Schools work to address language barriers - KWWL - Eastern Iowa Breaking News, Weather, Closings

Schools work to address language barriers

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WATERLOO (KWWL)-- Waterloo is a diverse community, with some 5 percent of the population being Bosnian, and around 3 percent is Hispanic.  For immigrants, coming to America presents great opportunity, but also great challenges in learning to speak English.  Read on to learn how local schools are working to address language barriers for students and their families.

There's a group of students in the Waterloo Community School that all share a unique bond.  English is often not their first language.  It's a student segment that represents 26 different language groups, and it makes up around 6 percent of all kids enrolled.

"When we have students enroll with limited English proficiency, we have a big job to do, which can present certain challenges," said Amy White, English Language Learner coordinator for the Waterloo Community School district.

That's where the English Language Learner program comes in.

"Quite often, the students are just thrilled with meeting new friends.  And once they have friends, they want to know how to communicate with them," White said.

So the ELL program provides specialized teachers to help students learn to speak and write English at the same level as their classmates.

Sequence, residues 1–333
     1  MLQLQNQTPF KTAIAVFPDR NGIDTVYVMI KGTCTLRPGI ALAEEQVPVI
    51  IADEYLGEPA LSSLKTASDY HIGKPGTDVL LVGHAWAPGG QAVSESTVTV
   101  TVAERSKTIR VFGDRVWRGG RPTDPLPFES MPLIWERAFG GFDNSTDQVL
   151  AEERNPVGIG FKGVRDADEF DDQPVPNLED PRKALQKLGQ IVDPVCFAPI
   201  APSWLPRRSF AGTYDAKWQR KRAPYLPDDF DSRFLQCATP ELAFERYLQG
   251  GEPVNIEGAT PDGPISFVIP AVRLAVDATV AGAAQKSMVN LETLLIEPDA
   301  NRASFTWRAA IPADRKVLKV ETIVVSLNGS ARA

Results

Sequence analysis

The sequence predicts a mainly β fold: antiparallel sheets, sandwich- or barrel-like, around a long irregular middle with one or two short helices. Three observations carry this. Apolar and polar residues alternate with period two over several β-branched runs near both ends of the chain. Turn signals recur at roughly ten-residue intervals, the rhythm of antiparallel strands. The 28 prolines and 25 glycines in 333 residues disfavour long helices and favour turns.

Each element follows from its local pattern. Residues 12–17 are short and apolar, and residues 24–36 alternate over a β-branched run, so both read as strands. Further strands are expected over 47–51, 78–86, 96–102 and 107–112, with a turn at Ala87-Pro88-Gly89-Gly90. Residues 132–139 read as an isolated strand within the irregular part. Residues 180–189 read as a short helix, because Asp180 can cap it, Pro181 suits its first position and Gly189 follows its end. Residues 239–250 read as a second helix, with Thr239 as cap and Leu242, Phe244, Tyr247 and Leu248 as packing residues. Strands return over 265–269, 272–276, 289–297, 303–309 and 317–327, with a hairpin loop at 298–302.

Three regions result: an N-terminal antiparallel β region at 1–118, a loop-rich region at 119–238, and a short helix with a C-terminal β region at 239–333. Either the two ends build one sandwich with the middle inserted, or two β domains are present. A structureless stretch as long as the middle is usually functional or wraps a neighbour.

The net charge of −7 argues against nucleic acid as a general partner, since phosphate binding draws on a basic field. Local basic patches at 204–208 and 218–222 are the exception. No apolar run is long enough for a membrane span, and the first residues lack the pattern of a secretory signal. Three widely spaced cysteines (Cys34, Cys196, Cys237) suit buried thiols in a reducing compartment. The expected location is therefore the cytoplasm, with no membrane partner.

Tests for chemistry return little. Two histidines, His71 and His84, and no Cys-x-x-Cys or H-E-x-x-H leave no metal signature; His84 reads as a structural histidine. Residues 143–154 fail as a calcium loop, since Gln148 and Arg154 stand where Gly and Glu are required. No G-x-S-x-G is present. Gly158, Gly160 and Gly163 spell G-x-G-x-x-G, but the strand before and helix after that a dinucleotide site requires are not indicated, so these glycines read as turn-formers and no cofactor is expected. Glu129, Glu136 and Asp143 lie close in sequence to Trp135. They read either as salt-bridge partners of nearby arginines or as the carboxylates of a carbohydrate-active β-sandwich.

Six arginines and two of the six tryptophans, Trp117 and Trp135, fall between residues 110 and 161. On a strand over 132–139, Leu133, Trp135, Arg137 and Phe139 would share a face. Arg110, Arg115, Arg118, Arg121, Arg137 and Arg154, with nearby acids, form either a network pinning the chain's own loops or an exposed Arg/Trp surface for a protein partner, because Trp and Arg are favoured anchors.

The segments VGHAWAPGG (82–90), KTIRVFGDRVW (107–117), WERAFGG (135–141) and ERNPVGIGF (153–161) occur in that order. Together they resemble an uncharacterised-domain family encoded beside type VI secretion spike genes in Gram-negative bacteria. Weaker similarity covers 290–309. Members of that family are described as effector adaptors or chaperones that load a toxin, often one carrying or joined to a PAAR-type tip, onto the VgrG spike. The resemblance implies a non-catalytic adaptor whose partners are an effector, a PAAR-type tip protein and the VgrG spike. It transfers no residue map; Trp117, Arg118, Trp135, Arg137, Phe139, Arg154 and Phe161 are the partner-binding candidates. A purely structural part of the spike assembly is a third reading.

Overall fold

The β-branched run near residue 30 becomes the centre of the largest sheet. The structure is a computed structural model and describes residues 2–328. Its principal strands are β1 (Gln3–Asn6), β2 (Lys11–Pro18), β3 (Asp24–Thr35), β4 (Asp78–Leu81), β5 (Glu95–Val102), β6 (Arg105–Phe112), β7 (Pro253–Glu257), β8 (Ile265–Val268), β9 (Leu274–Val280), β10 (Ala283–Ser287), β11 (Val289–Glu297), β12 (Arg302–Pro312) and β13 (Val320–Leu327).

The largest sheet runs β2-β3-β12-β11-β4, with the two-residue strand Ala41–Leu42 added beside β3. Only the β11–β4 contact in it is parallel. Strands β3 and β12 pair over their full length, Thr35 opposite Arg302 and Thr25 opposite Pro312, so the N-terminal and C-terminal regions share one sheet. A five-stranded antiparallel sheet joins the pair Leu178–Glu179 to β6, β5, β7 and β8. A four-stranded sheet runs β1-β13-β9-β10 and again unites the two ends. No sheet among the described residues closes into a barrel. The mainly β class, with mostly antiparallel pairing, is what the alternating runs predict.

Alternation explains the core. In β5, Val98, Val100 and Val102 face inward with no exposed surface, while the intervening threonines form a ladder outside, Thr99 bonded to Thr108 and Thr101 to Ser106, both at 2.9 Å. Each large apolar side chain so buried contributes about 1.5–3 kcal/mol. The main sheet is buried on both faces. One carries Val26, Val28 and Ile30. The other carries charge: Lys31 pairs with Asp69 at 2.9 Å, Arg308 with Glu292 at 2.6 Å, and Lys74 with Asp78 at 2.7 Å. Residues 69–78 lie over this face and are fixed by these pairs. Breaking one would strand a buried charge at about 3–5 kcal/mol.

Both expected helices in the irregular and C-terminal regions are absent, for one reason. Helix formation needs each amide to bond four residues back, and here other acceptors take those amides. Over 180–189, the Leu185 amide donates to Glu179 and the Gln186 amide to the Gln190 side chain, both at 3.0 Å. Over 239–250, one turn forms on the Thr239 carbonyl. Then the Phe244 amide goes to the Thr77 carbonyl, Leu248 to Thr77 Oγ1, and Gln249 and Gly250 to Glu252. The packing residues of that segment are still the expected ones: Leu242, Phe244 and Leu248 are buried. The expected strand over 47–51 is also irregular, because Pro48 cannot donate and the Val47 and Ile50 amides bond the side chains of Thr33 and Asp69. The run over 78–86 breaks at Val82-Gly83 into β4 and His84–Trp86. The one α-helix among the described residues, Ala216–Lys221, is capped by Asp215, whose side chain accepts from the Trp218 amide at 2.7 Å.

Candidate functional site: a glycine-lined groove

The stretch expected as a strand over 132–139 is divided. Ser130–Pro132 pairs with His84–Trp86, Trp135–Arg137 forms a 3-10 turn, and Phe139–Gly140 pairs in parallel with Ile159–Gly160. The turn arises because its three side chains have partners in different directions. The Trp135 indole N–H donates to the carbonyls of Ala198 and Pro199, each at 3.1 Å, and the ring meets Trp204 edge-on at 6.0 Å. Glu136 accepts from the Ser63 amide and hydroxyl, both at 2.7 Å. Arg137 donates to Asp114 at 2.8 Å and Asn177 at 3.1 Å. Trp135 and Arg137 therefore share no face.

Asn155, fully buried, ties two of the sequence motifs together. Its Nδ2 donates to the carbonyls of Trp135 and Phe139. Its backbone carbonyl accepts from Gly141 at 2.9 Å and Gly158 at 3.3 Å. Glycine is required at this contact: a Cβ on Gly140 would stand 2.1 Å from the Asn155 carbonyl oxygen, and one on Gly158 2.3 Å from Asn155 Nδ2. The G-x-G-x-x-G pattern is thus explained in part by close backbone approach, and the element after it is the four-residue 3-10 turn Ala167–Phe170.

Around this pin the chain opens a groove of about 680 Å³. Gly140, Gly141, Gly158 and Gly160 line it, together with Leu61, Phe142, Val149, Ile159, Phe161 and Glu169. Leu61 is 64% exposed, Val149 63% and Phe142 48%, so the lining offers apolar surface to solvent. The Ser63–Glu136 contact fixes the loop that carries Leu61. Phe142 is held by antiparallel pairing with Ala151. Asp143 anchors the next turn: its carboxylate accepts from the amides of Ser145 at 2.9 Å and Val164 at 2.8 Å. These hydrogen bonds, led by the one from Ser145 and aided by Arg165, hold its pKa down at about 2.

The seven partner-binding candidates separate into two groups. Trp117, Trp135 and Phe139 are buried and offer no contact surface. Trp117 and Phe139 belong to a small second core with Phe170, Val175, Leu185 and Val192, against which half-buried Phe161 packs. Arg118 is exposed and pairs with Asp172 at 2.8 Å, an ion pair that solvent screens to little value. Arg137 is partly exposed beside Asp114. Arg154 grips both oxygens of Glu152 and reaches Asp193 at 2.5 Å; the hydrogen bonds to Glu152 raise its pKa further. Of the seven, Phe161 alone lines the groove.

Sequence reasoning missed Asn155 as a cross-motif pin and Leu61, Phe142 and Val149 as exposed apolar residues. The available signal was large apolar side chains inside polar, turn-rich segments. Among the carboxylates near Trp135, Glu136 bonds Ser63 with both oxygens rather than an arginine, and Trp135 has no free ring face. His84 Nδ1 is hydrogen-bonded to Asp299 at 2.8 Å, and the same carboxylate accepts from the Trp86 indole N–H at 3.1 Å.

"The struggle really is on the academic side, and making sure they know their academic vocabulary, and that we're preparing them well for the same content standards that we hold their native English peers to, which we certainly do," said White.

Alexander Espinoza's 7-year-old daughter Ashley has been enrolled in ELL classes.  And for him, it's a blessing, since he didn't have a chance to learn the language at her age.

"In the future, I don't want my kids to struggle like I did," Espinoza said.

That's what Waterloo schools strive to accomplish for ELL students.  ELL students typically achieve English proficiency within four years. 

It's a program that's supported by your tax-paying dollars.  The Waterloo Community Schools receive weighted funding of $118.09 for ELL students, along with federal "Title III" grant funding, totaling $99,434.28 in this year's budget alone.  But educators emphasize that these classes help build life-long language skills that allow the next generation to be key contributors to society.

"I would say it's important, for one thing, because they are members of our community that most likely will stay and will be getting jobs and will be in some way rendering services to us as we get a bit older.  And I would think for all people, that we want to have an educated group of people graduating and being in our communities," White said.

It's that education that helps minimize language barriers for all of us.

The Waterloo Community School district also employs 9 full time Bosnian interpreters and 7.2 ful-time equivalent Spanish interpreters. They often help families translate important student information, like permission slips and class schedules.

Other large districts in eastern Iowa have similar programs.  In Iowa City, for example, there's an ELL program with a total of 500 students, about half of which are considered "active."   The district also has 28 trained interpreters, most of who are volunteers.  The district also works closely with the University of Iowa to provide needed language services for students and their families.

 KWWL Reporter:  Kera Mashek

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